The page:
25 Following


98% reading reactions, 5% book reviews. (We can math, too.)

Currently reading

Collins Suzanne
Language in Thought and Action
S.I. Hayakawa, Alan R. Hayakawa, Robert MacNeil
Don't Sleep, There are Snakes: Life and Language in the Amazonian Jungle
Daniel L. Everett
Gulliver's Travels (Signet Classics)
Jonathan Swift

The Ruins of Gorlan

The Ruins of Gorlan - John Flanagan This gets more of a 3.5 stars from me b/c of craft, but I'll round up b/c I enjoyed it so much.

The story moves at a quick clip--sometimes too fast, but considering that a lot of books that I read go too slowly, this pace was refreshing.
Flanagan's prose walks that delicate line between lyrical and purple prosy. He manages to write beautiful, yet straightforward sentences that fit well with the fantasy realm he's created. I enjoyed that I was in another world, but the language--especially the names of people and locations--wasn't too hard to access.

I was confused for a while because I didn't understand why Horace's storyline was alternating with Will's. Then, after Horace's problems are resolved, he drops out of the main plot. That might have been handled differently. Towards the end of the book, when the plot turns more towards the Kalkara hunt, it seemed like Halt started acting out of character, and the prose got a bit sloppier. The epilogue was actually just another chapter and didn't need to be titled "epilogue," but I guess it works anyway.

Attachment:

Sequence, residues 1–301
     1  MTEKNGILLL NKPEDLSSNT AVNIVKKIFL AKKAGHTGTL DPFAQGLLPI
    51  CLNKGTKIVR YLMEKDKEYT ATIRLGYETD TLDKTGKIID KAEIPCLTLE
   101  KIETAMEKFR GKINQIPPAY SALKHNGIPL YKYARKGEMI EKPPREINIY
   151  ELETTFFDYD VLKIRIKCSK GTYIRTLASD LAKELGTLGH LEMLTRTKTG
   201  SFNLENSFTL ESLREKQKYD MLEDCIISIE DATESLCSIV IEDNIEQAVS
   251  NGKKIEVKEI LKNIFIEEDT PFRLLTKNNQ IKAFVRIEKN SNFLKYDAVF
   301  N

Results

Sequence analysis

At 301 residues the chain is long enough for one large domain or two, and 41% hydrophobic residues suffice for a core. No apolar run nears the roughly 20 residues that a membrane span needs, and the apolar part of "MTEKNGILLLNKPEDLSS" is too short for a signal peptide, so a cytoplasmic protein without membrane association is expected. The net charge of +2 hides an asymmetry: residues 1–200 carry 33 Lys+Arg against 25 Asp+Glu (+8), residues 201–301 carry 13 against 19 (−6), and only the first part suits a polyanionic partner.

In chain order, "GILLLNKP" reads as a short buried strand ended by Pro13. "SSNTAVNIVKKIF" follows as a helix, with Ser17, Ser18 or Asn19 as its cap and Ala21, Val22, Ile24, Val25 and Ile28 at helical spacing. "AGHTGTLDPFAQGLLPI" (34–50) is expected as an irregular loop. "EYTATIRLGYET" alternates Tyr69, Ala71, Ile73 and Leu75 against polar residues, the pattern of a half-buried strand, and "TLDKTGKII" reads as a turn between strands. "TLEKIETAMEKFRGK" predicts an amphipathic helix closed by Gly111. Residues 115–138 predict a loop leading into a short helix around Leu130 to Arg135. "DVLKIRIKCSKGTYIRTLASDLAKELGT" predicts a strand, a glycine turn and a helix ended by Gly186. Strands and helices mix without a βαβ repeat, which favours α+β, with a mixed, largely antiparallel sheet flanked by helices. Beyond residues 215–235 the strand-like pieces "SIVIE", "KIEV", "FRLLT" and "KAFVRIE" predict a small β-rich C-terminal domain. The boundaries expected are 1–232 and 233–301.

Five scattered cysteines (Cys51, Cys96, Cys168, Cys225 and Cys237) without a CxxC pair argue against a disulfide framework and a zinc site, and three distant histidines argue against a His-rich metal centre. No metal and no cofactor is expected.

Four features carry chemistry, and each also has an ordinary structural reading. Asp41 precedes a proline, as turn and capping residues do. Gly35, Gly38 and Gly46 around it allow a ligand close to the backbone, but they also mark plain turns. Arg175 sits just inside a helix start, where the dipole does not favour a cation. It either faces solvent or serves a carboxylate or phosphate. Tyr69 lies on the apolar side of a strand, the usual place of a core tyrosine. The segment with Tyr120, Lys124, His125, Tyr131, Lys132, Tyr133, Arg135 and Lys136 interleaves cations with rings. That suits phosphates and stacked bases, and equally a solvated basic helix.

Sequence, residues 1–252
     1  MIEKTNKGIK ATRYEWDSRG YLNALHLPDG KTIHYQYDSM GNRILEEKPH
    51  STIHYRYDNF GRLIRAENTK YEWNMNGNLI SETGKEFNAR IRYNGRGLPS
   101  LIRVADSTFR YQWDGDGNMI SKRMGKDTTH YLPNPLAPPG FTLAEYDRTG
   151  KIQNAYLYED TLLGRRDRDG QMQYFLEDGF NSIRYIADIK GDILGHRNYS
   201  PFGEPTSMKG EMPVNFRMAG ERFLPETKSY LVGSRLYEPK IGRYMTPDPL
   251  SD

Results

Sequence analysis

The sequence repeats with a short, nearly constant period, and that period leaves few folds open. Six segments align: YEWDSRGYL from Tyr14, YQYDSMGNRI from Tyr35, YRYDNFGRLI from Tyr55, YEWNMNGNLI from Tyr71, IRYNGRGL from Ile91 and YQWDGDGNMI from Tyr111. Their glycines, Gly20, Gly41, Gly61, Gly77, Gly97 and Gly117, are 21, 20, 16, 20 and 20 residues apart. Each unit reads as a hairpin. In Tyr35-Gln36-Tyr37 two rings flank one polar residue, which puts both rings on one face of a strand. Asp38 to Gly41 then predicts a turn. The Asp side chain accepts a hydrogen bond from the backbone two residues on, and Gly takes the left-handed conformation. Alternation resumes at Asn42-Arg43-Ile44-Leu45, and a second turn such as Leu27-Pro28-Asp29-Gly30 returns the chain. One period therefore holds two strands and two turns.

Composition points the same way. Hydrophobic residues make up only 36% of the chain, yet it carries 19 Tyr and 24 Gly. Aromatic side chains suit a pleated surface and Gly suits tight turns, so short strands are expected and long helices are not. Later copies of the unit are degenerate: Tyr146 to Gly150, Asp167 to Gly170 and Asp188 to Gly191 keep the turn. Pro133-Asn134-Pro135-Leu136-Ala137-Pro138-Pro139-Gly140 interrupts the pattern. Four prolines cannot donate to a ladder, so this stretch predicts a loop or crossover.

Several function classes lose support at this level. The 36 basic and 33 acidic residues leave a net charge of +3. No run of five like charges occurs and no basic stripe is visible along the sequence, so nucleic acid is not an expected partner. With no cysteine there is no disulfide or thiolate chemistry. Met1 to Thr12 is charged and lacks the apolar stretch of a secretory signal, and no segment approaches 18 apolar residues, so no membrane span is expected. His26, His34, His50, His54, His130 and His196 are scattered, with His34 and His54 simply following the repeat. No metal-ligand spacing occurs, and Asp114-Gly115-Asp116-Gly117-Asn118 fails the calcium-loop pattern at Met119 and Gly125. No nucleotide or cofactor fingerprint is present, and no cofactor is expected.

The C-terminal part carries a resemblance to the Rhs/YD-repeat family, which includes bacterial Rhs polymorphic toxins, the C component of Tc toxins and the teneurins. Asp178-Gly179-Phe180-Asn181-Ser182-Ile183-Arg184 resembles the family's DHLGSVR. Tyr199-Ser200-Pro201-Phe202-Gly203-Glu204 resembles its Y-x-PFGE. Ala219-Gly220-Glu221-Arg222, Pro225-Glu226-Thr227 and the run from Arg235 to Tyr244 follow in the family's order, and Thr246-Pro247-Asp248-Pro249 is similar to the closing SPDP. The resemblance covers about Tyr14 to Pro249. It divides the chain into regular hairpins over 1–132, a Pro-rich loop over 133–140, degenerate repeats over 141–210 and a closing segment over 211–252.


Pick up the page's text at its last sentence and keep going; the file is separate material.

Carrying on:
Overall, the action is good and the character development is simple, but enjoyable. It's a pretty typical fantasy adventure story, but the Rangers and the different apprentice schools make it interesting. I will definitely be reading the second book in the series.